It is easy to pay less than sticker price for a new car by doing some research before you visit the dealership. In fact, many dealerships offer competitive prices to clients who do research via the Internet, as accepting low-profit sales from Internet prospects is an easy way to boost the sales volume of a dealership. Whether you are shopping for a new car, truck or SUV, this guide will help you earn pricing that is lower than new car MSRPs. When it is time to get new car pricing information, be sure to make use of a website like Autos.com. Not only can Autos.com help you get valuable pricing information, it can also put you in contact with local dealerships who offer great Internet prices. This guide will help you complete the research necessary to make a fair offer and negotiate a price less than sticker price on your new car.
Many manufacturers offer rebates that are passed on as a discount to the end customer. It is important to remember that these rebates come from the manufacturer and not from the dealership. You can find out of there are any rebates offered on your vehicle of choice by visiting the manufacturer’s website and looking for current offers. In most cases, the rebate must be shown as a down payment on your buyer’s order, and this is effectively a down payment in addition to other discounts you negotiate with the dealership.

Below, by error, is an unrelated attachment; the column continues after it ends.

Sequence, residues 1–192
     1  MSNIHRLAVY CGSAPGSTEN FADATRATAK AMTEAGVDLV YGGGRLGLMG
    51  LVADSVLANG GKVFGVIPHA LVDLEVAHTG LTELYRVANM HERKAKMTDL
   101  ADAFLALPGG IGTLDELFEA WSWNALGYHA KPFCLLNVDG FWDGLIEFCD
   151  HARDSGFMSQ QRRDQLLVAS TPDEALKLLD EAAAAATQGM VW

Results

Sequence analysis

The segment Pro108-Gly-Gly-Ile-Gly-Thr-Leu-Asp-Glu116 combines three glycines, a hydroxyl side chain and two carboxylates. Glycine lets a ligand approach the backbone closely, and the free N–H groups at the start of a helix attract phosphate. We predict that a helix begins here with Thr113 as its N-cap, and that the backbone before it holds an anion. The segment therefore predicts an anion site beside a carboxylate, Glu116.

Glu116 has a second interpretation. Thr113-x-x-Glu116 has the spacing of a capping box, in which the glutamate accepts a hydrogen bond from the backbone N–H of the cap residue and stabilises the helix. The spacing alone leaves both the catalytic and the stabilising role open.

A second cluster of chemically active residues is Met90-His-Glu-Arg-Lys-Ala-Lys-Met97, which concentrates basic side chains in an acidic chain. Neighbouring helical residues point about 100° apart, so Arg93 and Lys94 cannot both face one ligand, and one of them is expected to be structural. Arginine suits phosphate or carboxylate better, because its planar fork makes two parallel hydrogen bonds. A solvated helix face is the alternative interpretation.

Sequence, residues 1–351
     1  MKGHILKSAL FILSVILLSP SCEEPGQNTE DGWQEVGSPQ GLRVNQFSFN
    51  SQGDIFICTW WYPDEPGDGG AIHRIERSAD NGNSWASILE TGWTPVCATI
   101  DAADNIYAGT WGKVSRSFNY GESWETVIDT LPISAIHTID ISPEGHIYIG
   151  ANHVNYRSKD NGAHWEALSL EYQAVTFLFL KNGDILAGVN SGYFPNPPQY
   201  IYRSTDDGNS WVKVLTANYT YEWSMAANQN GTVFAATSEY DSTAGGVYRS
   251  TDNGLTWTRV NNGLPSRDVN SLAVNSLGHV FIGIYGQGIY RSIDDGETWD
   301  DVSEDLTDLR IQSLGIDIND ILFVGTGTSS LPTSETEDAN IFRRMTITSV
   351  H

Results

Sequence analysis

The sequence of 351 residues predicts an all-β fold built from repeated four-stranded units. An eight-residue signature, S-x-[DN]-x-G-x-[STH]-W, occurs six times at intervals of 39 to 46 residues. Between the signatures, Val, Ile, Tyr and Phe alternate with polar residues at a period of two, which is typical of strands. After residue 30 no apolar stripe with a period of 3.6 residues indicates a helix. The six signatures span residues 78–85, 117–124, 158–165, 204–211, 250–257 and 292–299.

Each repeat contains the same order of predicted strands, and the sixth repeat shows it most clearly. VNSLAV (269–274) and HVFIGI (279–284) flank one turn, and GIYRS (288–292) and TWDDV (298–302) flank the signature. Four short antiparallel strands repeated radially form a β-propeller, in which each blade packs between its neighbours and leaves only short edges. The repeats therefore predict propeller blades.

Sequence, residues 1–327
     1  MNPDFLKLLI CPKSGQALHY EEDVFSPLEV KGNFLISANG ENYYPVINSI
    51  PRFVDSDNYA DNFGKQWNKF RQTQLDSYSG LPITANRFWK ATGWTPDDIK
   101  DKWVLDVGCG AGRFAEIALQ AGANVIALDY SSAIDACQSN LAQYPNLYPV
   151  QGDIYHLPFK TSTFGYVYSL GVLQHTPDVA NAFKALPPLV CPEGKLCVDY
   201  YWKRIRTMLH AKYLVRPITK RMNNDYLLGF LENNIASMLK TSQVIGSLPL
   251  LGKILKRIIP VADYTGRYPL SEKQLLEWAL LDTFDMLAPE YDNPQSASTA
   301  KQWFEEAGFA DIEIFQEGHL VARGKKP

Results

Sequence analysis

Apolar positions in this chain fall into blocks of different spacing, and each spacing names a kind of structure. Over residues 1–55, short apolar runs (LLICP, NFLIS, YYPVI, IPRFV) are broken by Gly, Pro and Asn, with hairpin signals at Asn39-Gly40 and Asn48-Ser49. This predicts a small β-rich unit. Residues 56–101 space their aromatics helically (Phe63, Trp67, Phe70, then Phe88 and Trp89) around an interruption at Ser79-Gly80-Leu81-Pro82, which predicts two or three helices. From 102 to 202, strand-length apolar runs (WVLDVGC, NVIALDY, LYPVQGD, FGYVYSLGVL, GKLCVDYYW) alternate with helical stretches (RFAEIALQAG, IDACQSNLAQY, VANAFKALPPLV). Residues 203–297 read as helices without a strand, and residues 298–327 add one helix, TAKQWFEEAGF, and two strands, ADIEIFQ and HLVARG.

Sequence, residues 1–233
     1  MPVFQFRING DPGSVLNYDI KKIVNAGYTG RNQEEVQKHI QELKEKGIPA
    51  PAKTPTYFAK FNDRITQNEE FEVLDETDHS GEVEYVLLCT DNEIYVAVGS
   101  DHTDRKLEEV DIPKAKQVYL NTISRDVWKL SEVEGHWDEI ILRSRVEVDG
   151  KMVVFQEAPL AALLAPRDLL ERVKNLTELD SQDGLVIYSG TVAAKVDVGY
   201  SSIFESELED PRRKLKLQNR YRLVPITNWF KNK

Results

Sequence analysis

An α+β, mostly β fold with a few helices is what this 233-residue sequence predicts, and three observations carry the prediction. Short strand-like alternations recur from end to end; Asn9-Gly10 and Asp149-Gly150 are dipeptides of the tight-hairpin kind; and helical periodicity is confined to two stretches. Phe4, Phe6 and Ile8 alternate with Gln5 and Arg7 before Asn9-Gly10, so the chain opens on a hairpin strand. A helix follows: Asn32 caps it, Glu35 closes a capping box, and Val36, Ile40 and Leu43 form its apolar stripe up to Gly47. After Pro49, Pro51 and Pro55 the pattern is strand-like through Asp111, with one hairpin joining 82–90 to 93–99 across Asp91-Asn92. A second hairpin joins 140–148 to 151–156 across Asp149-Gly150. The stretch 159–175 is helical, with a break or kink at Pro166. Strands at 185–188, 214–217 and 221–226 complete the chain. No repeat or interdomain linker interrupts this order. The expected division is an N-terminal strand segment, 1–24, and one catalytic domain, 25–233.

Invoice pricing is the amount that the dealership paid for the vehicle. In some cases, the dealership can own the vehicle for less than the invoice price, especially if the manufacturer pays an amount called holdback that helps offset normal costs of doing business. You can research the invoice price of your vehicle of choice by using Autos.com and building a car that matches your specifications. As you contact dealerships, you will want to get a price near invoice before applying any rebates from the manufacturer.
Using a website like Autos.com can quickly put you in touch with area dealerships who sell new vehicles at a discount. After requesting a quote, dealerships will respond with some basic pricing information on your vehicle of choice. You can use whatever offer is made as a starting point for negotiations. Inform the dealership that you have requested multiple price quotes for the vehicle and that you will go with the quote that has the lowest price. See what their next offer is.
As you negotiate, it may be necessary to pick up the phone and call the Internet sales manager who responded to your request. When you call, review the current offer form the dealership and let them know your target price. Let the salesperson know that you are planning to purchase the vehicle for as close to invoice as possible. Some dealerships are more than happy to take a low-profit deal to boost their volume. If a dealership balks at your offer, remember that there is likely a dealership in your area who would accept the offer. Once you settle on a price with a dealership, ask to get their commitment in writing. Set an appointment and visit the dealership to take delivery of your new vehicle when your schedule allows.